A New York Times article profiles the use of an EMR (from e-MDs) of a rural doctor, who summarizes as follows: "I’ll never go back to the old system. I can always look at the records by Internet, whether I am seeing patients at the nursing home or a clinic or the hospital, or even when I’m as far away as Florida. The change has been tremendously beneficial for my productivity.” This is what I’ve been saying here for years: the main value of electronic records is being able to review and create electronic data from anywhere. Just getting data into an electronic form is where the payoff lives. I’ve argued that HITECH should have rewarded providers for sharing data on a national framework such as NHIN, paying them per patient (or, even better, per record type). Using technology is one form of "meaningful use," but making data available to other providers is more so. The power is in the network, not the desktop.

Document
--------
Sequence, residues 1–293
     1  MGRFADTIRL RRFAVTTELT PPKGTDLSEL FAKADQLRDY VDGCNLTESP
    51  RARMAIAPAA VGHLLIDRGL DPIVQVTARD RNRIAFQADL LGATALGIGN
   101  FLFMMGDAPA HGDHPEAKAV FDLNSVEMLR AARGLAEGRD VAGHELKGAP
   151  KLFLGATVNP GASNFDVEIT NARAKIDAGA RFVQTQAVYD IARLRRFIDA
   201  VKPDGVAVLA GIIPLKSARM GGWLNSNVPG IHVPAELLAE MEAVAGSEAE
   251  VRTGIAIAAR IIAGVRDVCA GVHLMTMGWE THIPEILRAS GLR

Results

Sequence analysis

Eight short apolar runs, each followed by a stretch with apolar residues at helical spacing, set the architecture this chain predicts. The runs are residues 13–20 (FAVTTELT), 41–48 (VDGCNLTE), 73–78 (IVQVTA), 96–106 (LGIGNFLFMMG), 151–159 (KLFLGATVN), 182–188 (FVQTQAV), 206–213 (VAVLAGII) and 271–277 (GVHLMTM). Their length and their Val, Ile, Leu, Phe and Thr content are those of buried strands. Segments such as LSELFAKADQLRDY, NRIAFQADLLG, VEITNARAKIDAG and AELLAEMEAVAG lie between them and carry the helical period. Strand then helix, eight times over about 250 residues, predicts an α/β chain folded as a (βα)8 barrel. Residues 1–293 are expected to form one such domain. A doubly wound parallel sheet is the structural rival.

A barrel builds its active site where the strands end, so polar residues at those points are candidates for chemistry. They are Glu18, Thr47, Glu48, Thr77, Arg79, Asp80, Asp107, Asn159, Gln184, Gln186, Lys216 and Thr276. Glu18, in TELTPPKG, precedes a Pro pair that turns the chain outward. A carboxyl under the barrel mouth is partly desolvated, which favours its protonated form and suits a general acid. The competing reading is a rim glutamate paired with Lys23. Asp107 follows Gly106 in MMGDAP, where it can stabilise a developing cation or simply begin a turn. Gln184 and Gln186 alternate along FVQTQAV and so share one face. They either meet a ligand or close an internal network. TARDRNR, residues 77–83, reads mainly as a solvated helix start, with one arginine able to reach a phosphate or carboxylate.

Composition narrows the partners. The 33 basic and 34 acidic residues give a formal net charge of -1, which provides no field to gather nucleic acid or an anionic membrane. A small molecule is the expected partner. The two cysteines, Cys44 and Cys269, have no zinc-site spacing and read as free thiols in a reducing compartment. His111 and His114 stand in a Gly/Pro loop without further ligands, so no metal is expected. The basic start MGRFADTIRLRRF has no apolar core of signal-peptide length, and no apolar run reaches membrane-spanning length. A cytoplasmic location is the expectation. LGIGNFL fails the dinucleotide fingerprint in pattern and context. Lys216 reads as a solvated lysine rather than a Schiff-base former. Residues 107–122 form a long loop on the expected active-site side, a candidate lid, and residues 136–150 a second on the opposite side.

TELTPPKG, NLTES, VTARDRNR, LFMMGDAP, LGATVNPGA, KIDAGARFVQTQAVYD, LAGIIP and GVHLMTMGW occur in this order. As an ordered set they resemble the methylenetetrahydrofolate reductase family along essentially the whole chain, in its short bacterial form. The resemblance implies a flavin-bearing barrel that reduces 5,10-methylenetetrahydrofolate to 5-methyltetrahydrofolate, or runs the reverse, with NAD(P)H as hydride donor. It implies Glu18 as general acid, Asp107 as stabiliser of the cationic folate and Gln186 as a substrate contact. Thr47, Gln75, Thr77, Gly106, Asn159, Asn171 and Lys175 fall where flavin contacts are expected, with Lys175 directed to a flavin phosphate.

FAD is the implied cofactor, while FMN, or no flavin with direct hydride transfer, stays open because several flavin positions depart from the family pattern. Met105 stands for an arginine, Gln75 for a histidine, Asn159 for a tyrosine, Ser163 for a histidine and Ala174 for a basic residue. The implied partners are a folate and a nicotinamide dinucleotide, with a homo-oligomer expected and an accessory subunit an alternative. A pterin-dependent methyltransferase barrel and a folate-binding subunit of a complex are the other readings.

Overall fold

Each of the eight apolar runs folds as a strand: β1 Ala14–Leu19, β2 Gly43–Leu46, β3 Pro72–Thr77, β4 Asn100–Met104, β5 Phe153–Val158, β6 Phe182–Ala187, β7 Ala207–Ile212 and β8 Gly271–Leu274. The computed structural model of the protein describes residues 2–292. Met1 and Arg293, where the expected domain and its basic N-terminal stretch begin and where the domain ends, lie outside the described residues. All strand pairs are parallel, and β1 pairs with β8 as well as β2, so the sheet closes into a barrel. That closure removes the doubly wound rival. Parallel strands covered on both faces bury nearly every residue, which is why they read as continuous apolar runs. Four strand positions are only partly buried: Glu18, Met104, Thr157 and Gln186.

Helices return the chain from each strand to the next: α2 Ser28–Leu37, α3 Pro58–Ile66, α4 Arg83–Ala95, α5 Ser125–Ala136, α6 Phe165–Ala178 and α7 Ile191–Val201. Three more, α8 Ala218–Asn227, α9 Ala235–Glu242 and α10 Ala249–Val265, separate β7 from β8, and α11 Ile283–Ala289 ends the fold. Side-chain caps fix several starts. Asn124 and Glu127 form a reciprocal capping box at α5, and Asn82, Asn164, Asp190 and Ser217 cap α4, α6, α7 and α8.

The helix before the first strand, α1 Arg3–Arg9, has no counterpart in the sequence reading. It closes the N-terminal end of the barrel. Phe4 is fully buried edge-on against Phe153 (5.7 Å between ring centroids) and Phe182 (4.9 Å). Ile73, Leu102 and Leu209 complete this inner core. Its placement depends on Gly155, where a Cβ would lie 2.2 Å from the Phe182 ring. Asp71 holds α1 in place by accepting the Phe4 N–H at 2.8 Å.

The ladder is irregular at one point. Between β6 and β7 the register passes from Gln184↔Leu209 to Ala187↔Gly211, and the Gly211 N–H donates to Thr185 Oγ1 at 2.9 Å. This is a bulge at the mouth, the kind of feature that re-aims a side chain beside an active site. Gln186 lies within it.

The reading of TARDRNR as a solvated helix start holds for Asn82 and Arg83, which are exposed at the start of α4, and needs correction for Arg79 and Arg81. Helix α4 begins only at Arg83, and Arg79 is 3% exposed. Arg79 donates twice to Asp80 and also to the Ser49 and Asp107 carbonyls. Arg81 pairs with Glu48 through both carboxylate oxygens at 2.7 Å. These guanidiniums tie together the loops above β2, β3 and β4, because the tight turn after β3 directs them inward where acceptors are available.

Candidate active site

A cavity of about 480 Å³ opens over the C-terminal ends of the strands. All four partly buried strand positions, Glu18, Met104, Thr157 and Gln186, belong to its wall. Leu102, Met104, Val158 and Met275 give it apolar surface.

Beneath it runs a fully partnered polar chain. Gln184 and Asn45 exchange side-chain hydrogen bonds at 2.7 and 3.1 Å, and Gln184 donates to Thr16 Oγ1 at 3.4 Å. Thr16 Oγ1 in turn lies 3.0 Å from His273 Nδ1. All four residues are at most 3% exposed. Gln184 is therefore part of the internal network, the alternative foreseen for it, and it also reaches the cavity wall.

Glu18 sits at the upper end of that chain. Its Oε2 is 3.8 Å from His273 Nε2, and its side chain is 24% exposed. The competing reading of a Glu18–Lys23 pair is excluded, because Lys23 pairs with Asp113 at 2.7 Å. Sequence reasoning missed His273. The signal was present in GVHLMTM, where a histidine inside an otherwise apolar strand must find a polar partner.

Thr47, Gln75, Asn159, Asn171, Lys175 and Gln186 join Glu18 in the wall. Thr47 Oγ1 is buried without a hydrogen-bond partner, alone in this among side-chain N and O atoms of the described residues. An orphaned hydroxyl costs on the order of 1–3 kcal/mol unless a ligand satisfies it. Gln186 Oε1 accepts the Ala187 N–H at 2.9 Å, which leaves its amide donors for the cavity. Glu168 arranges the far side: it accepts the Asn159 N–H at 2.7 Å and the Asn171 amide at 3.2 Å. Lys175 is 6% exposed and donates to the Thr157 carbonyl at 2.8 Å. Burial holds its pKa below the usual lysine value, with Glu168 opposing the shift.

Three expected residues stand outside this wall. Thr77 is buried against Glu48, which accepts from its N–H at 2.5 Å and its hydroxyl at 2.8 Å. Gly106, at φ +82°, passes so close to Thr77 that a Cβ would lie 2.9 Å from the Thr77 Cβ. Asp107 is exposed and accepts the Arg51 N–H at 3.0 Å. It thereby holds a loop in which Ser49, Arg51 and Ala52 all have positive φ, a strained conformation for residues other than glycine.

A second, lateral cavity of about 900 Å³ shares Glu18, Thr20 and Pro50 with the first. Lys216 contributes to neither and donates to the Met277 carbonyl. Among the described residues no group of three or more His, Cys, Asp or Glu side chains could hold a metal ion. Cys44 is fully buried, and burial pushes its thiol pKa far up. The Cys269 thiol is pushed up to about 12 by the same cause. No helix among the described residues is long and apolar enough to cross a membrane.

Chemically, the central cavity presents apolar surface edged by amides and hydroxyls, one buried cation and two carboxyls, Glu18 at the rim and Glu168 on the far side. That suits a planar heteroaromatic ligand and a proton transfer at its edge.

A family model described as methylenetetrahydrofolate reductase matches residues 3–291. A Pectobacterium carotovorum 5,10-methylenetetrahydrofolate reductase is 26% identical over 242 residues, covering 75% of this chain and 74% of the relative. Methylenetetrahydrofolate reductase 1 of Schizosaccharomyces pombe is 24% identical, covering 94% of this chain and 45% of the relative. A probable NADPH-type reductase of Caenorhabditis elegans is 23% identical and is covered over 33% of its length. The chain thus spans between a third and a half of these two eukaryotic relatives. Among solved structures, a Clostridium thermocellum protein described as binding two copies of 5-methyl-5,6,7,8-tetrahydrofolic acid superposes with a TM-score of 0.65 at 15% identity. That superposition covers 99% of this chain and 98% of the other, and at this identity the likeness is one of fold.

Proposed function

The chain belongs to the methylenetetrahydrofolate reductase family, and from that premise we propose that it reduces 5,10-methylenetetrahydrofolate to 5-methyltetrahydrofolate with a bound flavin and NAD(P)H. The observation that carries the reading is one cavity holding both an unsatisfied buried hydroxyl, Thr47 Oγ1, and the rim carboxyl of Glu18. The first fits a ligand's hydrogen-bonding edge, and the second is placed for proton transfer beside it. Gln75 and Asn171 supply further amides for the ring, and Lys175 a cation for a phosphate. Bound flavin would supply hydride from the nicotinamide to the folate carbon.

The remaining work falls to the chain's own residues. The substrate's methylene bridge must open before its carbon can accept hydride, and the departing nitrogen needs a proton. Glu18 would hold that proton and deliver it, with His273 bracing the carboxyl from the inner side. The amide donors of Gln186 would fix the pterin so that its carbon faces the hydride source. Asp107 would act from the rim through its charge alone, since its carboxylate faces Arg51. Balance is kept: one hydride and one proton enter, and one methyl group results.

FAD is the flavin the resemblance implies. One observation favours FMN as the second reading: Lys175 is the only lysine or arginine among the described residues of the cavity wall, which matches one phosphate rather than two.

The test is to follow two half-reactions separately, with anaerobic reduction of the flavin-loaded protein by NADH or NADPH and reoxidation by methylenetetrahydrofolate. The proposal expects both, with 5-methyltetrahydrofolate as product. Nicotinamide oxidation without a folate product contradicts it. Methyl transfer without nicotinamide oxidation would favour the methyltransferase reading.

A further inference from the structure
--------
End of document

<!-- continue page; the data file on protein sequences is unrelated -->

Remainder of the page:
And in that regard, Dale Sanders, CIO of Northwestern Medical Faculty Foundation (thanks to Dr. Lyle for the link) might change your EMR perception with his phony news article about an EMR created by Amazon.com. It’s a deceptively simple and light-hearted piece, but think about what he’s saying about software personalization, analytics, architecture, and social networking, a contrast of pre-Internet EMRs to what could be given what we know today.


C-Span has video coverage of a White House discussion on healthcare reform led by Nancy-Ann DeParle this past Wednesday. She seems fun.

The AMICAS-Emageon headcount reduction, according to one very informed source, is over 100.